4 Ways to Leverage Your Massage Business on Social Media, MASSAGE MagazinePosting pictures of your birthday party last weekend to Facebook, adding your favorite recipe to Pinterest and tweeting about your upcoming yoga retreat are probably second nature to you by now.

But using Facebook, Twitter, LinkedIn and the slew of social media opportunities for business are likely a whole new ball game.

Social media is a burgeoning marketplace for business communication and promotion—and it may seem like “just one more thing” you feel pressured to master as you manage your massage business. But now is an excellent time to get in the habit of using social media for business success.

Here’s how to start leveraging your massage business via social media:

1. Have separate business accounts. It is important to not use your personal Facebook page or Twitter handle for business, too. Create separate accounts, and then feel free to promote your business pages on your personal pages as well.

You have different audiences for business and personal engagement, so it is important to keep them separate. It also keeps you out of trouble. Clients may not agree with your views or habits, so don’t let that prevent them from coming to you for a great massage.

2. Pick a few to do—and update them regularly. Social media can be overwhelming and time-consuming. It’s important to recognize which platforms are good for your business and which ones might just be fun.

Facebook is still one of the best ways to reach clients. While many people may be on Twitter, it doesn’t tend to be the best place to advertise promotions or openings because followers have to see it as soon as you post it. Otherwise, your tweet may get lost in the hundreds of other tweets that show up in their feed in the next minute or so.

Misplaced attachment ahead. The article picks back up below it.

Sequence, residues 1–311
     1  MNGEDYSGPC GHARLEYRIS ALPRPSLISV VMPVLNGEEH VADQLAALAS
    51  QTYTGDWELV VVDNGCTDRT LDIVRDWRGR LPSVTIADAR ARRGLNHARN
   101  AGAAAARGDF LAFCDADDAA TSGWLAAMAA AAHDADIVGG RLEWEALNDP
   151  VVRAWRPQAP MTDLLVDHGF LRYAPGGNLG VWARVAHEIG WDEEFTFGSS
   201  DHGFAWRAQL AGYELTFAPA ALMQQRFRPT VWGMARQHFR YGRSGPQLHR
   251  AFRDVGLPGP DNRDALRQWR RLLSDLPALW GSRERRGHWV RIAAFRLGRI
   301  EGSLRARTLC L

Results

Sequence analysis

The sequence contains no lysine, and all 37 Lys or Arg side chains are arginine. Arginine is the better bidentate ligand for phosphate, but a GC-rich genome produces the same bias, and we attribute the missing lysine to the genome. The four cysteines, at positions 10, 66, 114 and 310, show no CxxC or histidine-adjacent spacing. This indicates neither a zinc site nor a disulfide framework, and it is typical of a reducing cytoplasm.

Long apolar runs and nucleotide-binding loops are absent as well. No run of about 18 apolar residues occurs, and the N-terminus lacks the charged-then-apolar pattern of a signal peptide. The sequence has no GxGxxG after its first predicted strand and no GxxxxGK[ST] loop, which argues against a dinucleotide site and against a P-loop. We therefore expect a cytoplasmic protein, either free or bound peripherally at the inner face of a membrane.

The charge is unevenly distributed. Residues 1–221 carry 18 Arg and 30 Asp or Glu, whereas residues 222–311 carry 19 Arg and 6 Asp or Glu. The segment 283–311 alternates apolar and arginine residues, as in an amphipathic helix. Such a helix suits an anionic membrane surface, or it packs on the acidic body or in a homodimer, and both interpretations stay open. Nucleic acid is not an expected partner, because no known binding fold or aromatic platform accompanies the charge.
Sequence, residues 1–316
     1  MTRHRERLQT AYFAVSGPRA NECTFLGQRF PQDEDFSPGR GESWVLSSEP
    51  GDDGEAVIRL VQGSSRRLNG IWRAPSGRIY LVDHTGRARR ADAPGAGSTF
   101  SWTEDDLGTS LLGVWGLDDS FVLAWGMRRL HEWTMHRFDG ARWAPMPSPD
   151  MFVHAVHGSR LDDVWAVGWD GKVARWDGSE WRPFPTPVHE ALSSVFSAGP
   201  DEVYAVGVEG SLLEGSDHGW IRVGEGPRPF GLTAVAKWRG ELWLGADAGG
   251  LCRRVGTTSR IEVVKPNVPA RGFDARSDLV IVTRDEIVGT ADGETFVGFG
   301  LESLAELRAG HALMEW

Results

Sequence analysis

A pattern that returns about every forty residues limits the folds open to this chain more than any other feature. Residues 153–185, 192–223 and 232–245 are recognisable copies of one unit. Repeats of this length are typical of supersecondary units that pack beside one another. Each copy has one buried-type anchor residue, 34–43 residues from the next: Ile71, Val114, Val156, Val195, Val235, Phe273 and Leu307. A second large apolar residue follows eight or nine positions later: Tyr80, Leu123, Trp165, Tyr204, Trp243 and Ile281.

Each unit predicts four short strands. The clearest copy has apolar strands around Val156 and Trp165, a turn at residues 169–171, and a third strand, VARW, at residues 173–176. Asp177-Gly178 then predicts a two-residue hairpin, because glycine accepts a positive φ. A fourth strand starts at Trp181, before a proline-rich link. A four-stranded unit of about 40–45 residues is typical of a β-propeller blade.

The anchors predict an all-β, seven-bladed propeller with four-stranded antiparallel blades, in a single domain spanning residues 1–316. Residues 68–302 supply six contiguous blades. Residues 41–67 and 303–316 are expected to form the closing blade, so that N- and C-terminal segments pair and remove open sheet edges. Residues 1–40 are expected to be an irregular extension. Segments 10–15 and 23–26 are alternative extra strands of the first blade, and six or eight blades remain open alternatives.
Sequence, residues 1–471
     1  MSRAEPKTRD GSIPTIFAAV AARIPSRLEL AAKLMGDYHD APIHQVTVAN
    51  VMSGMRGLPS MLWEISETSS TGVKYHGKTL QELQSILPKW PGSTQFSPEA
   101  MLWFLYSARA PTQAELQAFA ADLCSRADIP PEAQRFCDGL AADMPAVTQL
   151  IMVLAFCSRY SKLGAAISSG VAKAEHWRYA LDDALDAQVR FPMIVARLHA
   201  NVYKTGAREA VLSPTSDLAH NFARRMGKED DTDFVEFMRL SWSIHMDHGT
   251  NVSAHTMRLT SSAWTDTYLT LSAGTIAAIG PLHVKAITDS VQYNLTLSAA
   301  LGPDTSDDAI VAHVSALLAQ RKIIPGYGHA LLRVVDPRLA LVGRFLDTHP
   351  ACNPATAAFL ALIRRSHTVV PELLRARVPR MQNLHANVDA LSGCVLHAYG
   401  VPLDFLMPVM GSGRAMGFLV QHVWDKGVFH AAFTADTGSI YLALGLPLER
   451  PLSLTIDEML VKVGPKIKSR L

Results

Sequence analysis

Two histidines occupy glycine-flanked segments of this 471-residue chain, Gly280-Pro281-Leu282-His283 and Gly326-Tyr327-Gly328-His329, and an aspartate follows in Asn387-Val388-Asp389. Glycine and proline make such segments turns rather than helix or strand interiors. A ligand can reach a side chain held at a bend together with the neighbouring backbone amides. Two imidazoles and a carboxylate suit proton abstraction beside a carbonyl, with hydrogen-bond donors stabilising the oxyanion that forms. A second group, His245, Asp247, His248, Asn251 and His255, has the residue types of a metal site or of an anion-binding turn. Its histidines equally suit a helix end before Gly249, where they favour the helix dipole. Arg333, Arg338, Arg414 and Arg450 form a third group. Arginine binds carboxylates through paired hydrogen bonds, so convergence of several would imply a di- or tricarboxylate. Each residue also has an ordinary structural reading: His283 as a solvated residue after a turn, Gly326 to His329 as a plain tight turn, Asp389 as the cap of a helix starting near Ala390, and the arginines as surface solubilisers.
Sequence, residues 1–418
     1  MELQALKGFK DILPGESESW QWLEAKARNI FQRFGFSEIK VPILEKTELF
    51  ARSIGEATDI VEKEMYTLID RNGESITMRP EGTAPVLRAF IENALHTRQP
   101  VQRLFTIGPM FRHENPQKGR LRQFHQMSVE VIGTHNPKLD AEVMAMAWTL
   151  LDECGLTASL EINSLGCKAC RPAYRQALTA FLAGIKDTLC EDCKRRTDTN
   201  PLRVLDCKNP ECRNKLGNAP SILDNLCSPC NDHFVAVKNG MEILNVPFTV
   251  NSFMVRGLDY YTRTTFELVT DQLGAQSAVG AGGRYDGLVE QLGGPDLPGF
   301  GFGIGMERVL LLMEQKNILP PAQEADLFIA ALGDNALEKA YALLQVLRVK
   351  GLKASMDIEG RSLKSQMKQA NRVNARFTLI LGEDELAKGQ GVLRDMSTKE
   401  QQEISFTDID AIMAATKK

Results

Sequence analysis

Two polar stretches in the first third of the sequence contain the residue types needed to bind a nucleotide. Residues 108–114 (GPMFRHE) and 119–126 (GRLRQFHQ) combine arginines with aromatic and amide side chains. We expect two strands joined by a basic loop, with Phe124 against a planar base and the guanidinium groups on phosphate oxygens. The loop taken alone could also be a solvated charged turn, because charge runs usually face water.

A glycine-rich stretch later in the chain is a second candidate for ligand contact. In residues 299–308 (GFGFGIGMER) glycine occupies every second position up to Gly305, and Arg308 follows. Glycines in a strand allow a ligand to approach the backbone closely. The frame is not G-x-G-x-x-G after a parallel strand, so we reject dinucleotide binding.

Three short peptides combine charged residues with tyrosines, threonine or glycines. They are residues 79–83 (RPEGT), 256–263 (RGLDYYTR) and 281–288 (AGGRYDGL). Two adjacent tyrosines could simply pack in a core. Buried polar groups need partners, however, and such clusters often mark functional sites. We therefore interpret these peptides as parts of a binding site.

LinkedIn is a great way to connect with other therapists for asking questions, getting and giving advice, and creating an online community of your peers.

Reviews are very important to people booking a massage, especially for the first time, so having a Yelp! business page is a good idea.

3. Understand the content that goes with each social media platform. Although you can use some of the same content on each network, you still have to present it differently.

Facebook is great for pictures, graphics and information clients can use to improve their heath and wellness. It’s also a good place to put a newsletter, announce special promotions, post holiday hours and specials and publicize any openings you have for the next day. And whenever possible, engage your clients with questions to create dialogue with them.

Twitter is a good place to share articles and information you consider interesting and may be helpful to clients and other massage therapists as well.

LinkedIn is best for networking with other massage professionals and a great place to join discussions about issues within the industry.

Pinterest was the fastest-growing social network in 2012 and massage “boards” can be found all over it. If you are already signed up for Pinterest, then this is an easy one to add. Create a business page with your website, and then make every board something related to massage, health and wellness.

4. Don’t be afraid to try new social networks. After you are comfortable with one or two social media sites and are posting regularly, you can start to branch out to other social networks. YouTube is the second-largest search engine behind Google, which means some of your clients are probably looking for information there. Also, having videos on your website and in your social media posts increases their search engine optimization, so finding a way to incorporate video is always a good idea.

Google+, which is a bit of a cross between Facebook and LinkedIn, is a growing network that will only gain in popularity if every techie in Silicon Valley is to be believed (and they’ve been pretty successful so far!). Getting a business page there and connecting to the massage therapy community is a great place to start.

Mark Volkmann, a practicing massage therapist in another life, is founder and CEO of MassageBook, a free Web solution helping massage therapists create high-quality websites with local search engine optimization and social networking built into the design. Knowing how hard it is to start and maintain a massage practice, he is interested in helping therapists do it the easy way. For more information, visit MassageBook.com.